Osaka is a shopper's paradise.
Courtesy Lucius Kwok/Creative Commons/Flickr
Osaka's reputation as a mercantile city goes even further back than its reign as the nation's kitchen; the port city has been Japan's commercial center for over a thousand years. So, what better way to Celebrate Osaka's economic prowess than by hitting its many excellent shopping districts?
DenDen Town (also known as Nipponbashi) is electronics heaven, while luxury-brand boutiques can be found in Shinsaibashi and Midosuji.
Amerikamura is a trendy spot for hip vintage wear, and massive shopping centers can be found in Tennoji and Namba. All fun and much less crowded than their Tokyo equivalents.

10. The people

The perfect place to relax and socialize with friends.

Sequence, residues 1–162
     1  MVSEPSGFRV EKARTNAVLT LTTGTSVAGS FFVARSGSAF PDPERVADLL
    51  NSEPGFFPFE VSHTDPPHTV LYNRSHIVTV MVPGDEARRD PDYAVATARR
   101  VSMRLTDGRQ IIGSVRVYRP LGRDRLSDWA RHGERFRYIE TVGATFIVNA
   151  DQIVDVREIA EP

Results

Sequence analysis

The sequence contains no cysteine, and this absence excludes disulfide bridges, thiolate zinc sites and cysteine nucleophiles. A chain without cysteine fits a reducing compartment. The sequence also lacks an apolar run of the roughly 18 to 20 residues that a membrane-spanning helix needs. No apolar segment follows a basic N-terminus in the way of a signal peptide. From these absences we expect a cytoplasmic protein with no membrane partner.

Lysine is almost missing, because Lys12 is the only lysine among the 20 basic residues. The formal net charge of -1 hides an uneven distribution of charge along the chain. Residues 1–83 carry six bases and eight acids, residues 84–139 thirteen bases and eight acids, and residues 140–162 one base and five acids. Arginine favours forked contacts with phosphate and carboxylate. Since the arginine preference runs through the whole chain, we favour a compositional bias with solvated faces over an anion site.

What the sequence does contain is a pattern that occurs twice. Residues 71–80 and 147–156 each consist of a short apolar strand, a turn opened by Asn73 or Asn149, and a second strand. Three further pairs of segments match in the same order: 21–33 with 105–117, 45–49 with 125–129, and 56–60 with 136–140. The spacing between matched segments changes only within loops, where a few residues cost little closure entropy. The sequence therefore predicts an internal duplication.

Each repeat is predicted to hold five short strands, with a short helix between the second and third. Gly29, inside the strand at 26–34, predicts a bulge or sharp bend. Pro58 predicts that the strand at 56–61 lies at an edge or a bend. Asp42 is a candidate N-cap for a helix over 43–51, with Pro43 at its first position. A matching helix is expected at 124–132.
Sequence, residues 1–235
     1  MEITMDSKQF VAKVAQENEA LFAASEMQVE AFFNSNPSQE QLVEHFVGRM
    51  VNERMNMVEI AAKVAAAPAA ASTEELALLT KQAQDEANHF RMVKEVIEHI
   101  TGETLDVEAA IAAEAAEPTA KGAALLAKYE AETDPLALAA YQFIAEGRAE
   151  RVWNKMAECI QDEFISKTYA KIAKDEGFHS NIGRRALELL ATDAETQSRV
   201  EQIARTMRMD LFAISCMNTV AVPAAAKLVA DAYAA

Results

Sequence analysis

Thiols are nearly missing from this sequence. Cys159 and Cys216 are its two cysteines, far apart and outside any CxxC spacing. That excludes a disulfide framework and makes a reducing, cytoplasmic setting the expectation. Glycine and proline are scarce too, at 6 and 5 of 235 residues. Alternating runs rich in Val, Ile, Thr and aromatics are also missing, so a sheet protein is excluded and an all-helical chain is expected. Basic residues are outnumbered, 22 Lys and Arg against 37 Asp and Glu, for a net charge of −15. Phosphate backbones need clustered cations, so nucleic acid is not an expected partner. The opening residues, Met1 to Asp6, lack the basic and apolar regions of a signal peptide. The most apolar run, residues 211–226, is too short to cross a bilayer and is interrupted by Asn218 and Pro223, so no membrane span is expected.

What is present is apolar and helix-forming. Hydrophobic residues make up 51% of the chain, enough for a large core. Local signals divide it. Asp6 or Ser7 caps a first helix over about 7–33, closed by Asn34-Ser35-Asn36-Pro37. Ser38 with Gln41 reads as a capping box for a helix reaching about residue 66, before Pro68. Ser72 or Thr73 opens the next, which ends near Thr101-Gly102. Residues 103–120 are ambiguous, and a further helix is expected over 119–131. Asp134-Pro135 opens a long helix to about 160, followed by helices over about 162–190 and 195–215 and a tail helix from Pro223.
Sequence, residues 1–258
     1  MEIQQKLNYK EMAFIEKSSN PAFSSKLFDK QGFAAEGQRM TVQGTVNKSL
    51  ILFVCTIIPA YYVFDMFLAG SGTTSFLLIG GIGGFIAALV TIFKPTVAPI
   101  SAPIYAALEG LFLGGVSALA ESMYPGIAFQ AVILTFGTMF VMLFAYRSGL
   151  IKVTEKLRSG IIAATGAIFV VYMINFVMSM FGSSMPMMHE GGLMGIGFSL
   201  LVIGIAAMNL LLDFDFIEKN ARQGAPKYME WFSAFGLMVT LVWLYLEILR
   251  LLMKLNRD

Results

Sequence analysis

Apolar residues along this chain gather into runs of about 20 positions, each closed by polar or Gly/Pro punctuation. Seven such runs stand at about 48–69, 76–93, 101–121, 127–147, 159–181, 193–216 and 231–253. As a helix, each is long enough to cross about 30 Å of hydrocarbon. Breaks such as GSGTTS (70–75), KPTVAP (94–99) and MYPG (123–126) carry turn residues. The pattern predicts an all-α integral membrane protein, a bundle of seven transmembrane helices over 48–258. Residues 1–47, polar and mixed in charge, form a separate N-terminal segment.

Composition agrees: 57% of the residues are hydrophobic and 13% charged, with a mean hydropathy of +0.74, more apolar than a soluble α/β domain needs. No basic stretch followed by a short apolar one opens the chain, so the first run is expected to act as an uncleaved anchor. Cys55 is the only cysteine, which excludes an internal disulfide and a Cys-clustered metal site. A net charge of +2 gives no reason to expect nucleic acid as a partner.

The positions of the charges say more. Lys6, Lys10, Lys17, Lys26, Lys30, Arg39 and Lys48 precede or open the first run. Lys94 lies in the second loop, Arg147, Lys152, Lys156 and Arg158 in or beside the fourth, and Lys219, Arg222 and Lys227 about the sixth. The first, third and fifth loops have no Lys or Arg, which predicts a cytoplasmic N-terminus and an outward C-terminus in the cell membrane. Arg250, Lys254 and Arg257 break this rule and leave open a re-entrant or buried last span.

Buddhika Weerasinghe/Getty Images AsiaPac/Getty Images
"Love the city, hate the people" is a familiar quip that simply doesn't apply in Osaka -- unlike, say, Paris and, er, Tokyo.
Osakans are renowned for being open, brash and, above all, funny (Osaka produces a good chunk of Japan's comedians). But they have a nutty streak, too.
In 1985, Hanshin Tiger baseball fans tossed a KFC Colonel Sanders statue into the Dotonbori River, partly to celebrate winning the Japan Series and partly because they thought the statue resembled American Randy Bass, their star player.
When the Tigers suffered a long losing streak following the drowning of the Colonel, the Legend of the Curse of the Colonel was born.
Tigers fans took the curse so seriously, numerous attempts were made to recover the statue by divers and through dredging the river, before finally succeeding in 2009.
Editor's note: This article was previously published in 2012. It was reformatted and republished in 2017.